From Walden and Other Writings by Henry David Thoreau:
“We heard the sigh of the first autumnal wind, and even the water had acquired a grayer hue. The sumach, grape, and maple were already changed, and the milkweed had turned to a deep rich yellow. In all woods the leaves were fast ripening for their fall; for their full veins and lively gloss mark the ripe leaf, and not the sered one of the poets; and we knew that the maples, stripped of their leaves among the earliest, would soon stand like a wreath of smoke along the edge of the meadow. Already the cattle were heard to low wildly in the pastures and along the highways, restlessly running to and fro, as if in apprehension of the withering of the grass and of the approach of winter. Our thoughts too began to rustle.”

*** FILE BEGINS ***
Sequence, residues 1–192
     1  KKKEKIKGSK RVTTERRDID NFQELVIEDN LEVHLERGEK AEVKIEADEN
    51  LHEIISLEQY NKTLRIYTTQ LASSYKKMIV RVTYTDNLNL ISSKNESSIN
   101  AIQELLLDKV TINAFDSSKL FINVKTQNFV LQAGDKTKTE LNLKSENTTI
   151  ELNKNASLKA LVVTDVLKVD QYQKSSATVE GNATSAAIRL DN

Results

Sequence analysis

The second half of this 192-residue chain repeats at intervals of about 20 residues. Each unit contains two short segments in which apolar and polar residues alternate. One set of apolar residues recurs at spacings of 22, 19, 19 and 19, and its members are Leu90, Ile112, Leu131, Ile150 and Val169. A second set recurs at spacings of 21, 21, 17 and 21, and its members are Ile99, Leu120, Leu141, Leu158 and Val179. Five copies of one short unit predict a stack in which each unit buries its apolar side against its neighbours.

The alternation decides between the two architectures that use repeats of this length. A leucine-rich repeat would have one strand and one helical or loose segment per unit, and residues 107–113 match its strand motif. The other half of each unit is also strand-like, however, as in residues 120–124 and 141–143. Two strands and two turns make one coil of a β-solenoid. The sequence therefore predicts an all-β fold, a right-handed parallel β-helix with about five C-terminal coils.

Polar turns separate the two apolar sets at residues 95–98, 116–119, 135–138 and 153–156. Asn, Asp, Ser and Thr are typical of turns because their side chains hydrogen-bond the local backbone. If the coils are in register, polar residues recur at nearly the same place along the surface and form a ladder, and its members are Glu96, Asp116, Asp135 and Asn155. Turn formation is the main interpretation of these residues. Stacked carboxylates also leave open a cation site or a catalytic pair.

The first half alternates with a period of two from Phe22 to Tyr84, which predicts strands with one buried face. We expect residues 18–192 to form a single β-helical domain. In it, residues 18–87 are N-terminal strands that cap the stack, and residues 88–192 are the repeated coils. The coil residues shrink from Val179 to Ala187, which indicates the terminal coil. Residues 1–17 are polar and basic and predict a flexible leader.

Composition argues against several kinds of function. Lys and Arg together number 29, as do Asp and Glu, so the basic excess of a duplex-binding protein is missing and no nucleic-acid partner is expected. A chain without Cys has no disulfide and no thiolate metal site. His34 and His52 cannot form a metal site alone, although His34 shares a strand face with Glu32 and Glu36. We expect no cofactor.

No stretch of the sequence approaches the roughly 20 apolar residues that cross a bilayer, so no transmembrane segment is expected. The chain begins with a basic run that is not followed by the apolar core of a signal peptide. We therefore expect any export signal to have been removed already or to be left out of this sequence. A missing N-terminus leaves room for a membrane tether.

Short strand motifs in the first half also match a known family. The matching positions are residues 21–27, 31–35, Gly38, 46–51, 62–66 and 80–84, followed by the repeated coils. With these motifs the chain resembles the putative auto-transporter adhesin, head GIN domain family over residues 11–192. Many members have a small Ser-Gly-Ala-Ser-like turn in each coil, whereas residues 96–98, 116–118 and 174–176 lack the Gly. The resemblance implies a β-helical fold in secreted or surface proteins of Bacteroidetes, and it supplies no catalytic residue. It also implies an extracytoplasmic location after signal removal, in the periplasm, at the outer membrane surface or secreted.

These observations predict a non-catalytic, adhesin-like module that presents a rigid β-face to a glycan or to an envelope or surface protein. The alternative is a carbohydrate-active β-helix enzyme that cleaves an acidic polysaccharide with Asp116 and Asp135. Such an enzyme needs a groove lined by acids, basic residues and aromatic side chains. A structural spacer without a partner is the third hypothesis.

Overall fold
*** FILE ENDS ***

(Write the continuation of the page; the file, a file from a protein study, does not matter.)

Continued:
From “Christmas Tide” by Eliza Cook in A Vintage Christmas: A Collection of Classic Stories and Poems:
Let the autumn days produce
Yellow corn and purple juice,
And Nature’s feast be spread
In the fruitage ripe and red;
‘Tis grateful to behold
Gushing grapes and fields of gold,
When cheeks are brown’d and red lips deeper dyed:
But give, oh! give to me
The winter night of glee,
The mirth and plenty seen at Christmas tide.
This is the second of two posts with photographs showing how nature gets ready for Christmas. The first post is Autumn Dreams of Christmas (1 of 2). Here we have some shades of red — deeply red maples and oaks filling the frame — followed by variations on yellow, orange, and gold. Someone, somewhere, once upon a time surely looked at sights like this and thought: hey, I should put these brilliant colors on a tree inside my house!
Thanks for taking a look!